Attackers in Asia compromise data for nearly 150k in California
Hackers said to be located overseas may have compromised the personal data of tens of thousands of California residents in a computer attack that dates back to March.
Among the sensitive information that may have been accessed are the names, addresses, dates of birth and Social Security numbers of 144,493 Monterey County residents.
Each of the affected received social services assistance payments through CalFresh, MediCal, CalWorks, and Foster Care between 2002 and 2009, Elliot Robinson, director of the county Department of Social Services, told SCMagazine.com on Friday.
The incident involved attackers using Remote Desktop Protocol to penetrate a password-protected computer not in use since 2009 and previously believed to have been shut down, Robinson said, adding the hack occurred on March 17 and officials were notified that same day.
“How it was identified was by the volume of traffic coming into the network,” Robinson said, explaining officials pulled the power cord on the computer after moderators identified unknown access coming into the machine.
Monterey County officials held back from announcing the incident due to an ongoing forensic examination, during which time computer investigators used brute force to gain entry into the computer because it had been out of use for so long, Robinson said.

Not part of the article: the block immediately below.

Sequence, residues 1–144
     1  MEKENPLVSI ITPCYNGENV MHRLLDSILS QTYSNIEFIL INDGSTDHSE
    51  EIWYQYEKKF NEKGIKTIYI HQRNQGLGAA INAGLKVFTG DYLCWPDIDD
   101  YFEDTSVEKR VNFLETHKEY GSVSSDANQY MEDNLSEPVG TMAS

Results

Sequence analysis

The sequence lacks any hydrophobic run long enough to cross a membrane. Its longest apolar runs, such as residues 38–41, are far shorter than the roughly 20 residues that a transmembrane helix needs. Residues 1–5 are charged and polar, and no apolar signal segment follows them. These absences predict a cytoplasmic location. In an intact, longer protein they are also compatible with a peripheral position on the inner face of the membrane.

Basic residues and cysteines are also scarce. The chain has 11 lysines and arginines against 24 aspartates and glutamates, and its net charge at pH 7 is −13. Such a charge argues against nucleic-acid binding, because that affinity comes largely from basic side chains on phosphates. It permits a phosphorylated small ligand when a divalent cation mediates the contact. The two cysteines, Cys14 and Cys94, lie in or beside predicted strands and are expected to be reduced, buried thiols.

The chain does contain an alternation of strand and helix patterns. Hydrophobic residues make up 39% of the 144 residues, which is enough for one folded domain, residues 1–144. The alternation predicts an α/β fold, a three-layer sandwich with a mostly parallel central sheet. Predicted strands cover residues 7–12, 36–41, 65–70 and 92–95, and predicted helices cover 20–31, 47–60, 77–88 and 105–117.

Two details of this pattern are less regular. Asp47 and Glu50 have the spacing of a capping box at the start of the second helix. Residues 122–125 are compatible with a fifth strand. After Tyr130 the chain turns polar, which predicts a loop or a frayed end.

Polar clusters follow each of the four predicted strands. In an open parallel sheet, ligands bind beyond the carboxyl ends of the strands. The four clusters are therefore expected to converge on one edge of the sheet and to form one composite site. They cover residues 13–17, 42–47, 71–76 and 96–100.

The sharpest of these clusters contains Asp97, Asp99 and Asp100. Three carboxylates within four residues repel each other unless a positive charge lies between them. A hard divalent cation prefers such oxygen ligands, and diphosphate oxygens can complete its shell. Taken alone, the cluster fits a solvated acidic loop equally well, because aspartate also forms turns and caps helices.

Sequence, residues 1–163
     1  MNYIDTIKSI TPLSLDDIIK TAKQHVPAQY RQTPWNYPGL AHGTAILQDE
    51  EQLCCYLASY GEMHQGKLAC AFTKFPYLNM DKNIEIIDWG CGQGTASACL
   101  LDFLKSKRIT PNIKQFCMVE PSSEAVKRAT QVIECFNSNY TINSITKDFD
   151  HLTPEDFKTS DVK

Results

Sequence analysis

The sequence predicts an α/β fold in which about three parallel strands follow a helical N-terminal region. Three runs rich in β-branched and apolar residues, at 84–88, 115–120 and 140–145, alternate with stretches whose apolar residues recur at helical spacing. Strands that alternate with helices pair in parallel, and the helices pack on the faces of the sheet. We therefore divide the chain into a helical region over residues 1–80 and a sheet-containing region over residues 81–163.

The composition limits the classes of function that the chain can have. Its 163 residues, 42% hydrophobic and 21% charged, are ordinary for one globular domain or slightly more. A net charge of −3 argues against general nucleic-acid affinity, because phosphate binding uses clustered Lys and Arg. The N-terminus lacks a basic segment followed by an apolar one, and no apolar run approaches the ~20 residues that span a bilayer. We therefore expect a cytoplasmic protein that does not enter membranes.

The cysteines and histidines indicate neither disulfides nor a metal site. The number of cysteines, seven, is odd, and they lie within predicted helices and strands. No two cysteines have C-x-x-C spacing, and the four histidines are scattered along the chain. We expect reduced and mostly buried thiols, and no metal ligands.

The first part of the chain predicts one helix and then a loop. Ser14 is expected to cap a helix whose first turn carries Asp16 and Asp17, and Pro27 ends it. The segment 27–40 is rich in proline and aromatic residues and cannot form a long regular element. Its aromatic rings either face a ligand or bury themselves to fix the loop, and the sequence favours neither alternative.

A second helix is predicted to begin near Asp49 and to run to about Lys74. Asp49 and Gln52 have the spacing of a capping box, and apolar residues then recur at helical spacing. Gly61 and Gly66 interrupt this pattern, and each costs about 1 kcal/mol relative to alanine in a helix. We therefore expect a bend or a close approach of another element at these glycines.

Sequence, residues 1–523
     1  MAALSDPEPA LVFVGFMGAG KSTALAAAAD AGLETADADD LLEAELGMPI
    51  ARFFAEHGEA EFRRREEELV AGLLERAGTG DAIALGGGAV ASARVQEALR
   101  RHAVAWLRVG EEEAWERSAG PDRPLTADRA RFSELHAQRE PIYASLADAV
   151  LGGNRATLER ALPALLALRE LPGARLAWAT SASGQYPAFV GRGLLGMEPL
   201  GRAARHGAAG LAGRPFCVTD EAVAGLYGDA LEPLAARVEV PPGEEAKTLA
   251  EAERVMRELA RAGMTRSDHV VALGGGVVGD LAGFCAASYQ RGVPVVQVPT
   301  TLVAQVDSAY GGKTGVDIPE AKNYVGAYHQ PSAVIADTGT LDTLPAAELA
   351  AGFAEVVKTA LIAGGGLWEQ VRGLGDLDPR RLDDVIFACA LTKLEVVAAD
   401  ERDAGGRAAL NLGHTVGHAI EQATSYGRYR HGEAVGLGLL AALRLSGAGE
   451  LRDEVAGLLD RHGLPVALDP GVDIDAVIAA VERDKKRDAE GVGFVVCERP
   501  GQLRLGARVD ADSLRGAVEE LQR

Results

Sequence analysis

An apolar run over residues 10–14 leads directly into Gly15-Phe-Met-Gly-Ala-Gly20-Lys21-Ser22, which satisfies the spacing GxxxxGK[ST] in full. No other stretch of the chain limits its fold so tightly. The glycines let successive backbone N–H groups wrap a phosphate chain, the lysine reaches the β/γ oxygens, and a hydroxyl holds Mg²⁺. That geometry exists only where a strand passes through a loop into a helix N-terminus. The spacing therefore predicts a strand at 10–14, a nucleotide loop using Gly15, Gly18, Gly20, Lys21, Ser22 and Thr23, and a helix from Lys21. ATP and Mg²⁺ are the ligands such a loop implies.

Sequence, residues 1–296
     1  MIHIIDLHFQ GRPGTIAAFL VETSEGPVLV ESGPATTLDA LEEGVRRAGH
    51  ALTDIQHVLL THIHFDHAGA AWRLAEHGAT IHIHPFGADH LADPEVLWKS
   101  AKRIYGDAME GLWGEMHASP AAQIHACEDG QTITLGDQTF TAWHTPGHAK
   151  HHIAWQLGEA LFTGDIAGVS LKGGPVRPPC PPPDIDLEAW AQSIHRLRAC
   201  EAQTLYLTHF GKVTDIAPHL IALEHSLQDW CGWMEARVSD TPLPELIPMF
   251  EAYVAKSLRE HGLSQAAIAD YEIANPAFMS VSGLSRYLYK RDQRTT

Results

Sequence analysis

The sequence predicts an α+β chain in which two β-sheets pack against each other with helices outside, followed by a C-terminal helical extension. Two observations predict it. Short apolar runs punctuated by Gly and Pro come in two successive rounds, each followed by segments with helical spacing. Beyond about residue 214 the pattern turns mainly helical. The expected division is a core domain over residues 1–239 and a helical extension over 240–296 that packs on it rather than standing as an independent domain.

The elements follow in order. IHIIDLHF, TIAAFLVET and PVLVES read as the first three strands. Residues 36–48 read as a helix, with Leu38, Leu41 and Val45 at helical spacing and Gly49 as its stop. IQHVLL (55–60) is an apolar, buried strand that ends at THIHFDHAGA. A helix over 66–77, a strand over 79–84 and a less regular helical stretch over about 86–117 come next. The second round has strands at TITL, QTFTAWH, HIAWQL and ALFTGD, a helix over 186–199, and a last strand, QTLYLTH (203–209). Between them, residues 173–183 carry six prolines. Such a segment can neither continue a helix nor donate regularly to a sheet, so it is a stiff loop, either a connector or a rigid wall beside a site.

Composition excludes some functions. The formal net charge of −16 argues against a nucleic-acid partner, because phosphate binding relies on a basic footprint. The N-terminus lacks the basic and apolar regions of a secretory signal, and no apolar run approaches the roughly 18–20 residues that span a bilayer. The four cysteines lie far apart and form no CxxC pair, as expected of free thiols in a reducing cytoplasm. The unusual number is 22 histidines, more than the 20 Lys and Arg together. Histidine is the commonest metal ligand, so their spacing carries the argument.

The lengthy collaborative investigation between state and local officials revealed that it was a power surge that caused the still network-connected machine to power on, allowing penetrators access to the system, Robinson said.
The hackers are believed to be located overseas because one of the Internet Protocol (IP) addresses was traced to a location in Hong Kong and another to a location in South Korea, Robinson said, adding he is unaware of any arrests linked to the attack.
Letters have been sent to affected individuals, alerting them of the incident, and updated security measures are being implemented to prevent any similar incidents from occurring.
“We take the privacy of people who come to us for assistance very seriously and have worked with state network administrators to assure that the method of attack used to break into this computer can't be used again,” said Robinson in a statement. “Additionally, this computer was immediately taken offline and care was taken to assure all other social services computers were behind firewalls.”